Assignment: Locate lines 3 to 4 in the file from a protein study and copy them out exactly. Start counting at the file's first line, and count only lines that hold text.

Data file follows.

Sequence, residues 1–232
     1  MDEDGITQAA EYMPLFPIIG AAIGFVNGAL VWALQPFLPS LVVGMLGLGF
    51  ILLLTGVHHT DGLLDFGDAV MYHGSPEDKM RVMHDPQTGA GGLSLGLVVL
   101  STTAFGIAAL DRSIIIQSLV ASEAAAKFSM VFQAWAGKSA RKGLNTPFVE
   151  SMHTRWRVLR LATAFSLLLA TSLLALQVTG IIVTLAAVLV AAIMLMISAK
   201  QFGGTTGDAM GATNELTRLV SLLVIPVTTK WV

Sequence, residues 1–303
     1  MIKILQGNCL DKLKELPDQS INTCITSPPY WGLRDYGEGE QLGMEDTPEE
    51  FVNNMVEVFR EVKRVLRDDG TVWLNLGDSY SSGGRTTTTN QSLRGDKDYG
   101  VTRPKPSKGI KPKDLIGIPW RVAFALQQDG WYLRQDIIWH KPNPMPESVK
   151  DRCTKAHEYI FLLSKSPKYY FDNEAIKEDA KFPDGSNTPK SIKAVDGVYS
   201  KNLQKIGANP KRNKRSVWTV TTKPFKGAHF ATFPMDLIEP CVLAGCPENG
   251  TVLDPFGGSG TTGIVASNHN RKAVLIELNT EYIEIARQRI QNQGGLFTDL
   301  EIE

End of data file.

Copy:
    51  ILLLTGVHHT DGLLDFGDAV MYHGSPEDKM RVMHDPQTGA GGLSLGLVVL
   101  STTAFGIAAL DRSIIIQSLV ASEAAAKFSM VFQAWAGKSA RKGLNTPFVE